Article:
An Open Letter to the Governments of Qatar, Saudi Arabia, the UAE and Bahrain

Israel/PalestineUS Politics
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Dear Ministers and Ambassadors,

The UNESCO vote to accept Palestine as their 195th member – a recognition that does not entail any formal diplomatic standing at the UN – may mark a milestone in the “peace process,” or turn into a debacle of the first order for the Palestinian people as the US Congress and Prime Minister Netanyahu scramble to outdo each other in responding to this “unilateral” and “anti-peace” action.

In any event, for those advocating a negotiated settlement to the Israeli-Palestinian Conflict, such as your own governments, this should be counted as a victory for diplomacy, for it affirms the existence of the Palestinian people (they are not a “science fiction” product, as the Israeli ambassador to the UN snidely remarked yesterday).

The United States, however, has now decided to suspend all funding to UNESCO in response.

The question is: what will you Gulf Cooperation Council champions of the Palestinian cause do in response?

The US, acting on reflexive legislation passed in the 1990s has frozen payment of US$60 million to UNESCO for the month of November. Close to US$70 million, or 22% of UNESCO’s annual budget comes from the US. The US will remain in UNESCO, but without paying its dues – a stance it can only maintain for two years before it must resume payments or leave UNESCO entirely.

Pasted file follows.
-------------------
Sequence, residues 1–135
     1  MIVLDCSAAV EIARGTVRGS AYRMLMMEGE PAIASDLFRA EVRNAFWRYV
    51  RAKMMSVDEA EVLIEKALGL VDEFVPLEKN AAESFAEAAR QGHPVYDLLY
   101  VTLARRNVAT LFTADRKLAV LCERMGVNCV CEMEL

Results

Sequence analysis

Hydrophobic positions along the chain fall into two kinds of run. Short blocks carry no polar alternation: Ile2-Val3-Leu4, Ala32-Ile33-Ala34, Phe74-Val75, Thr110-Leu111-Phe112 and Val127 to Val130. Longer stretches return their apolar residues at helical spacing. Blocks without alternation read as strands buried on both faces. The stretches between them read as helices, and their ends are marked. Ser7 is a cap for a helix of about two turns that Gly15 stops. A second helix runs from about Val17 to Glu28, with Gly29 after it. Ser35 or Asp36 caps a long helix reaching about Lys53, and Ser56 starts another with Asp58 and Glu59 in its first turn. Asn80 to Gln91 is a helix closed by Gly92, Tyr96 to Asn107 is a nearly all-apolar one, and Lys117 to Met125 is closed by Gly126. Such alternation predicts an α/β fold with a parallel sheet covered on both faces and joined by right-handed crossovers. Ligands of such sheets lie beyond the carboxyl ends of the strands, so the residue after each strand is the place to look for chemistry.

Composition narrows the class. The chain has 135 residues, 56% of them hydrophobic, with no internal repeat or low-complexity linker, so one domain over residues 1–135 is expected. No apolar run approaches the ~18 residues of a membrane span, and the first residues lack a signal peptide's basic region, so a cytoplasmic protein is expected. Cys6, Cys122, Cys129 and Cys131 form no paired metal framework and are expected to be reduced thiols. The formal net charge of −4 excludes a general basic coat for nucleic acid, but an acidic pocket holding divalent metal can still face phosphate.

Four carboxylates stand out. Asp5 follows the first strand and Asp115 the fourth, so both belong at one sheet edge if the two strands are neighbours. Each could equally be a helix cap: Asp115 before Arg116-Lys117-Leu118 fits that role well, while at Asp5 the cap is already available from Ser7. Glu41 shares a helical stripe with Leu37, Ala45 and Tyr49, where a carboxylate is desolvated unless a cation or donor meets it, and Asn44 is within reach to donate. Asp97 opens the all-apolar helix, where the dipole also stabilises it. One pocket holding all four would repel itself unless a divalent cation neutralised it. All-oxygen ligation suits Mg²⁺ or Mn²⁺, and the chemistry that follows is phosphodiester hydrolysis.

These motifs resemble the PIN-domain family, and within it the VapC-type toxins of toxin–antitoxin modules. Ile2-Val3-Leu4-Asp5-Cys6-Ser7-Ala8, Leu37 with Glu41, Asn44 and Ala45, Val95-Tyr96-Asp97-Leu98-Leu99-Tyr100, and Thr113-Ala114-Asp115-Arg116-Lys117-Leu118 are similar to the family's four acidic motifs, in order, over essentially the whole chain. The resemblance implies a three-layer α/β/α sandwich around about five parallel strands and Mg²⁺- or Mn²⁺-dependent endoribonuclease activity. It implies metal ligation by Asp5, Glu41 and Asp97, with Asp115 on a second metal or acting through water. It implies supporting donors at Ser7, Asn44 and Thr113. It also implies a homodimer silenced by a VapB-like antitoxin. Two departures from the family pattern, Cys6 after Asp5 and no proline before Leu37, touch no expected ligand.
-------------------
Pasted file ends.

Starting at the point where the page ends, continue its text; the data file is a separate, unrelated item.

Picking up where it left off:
If Congressional Republicans have their way, when that two-year deadline comes, the US will be out of UNESCO. Few in Congress today would shed any tears over that.

They would also shed few tears over the withdrawal of the US from other UN organizations such as UNICEF or the World Health Organization. Foreign aid – excluding defense spending – is on the Beltway chopping block for the foreseeable future. The US might stick it out with commercially-oriented bodies in the UN such as the World Intellectual Property Organization, or security-related ones like the IAEA (though there are many in the US who wish to wipe their hands of the latter).

UNESCO survived without US funding for years – Ronald Reagan took the US out of the organization in 1984 (George W. Bush only brought the US back into it in 2003). But these immediate shortfalls will certainly harm UNESCO. And who knows what UN agency will be defunded next?

So, will you committed humanitarians in Doha, Riyadh, Abu Dhabi and Manama step up to fund UNESCO projects so that UNESCO as a whole is not punished for the way its members voted on Palestine, and so that perhaps Palestinians can now benefit from UNESCO projects?

And will you pledge your petrodollars to making up for potential shortfalls in aid payments to the Palestinian Authority and other UN agencies?

Or will you once again demonstrate your willingness to “fight to the last Palestinian” rather than upset the State Department and risk your pretty planes?

Sincerely,

Paul Mutter

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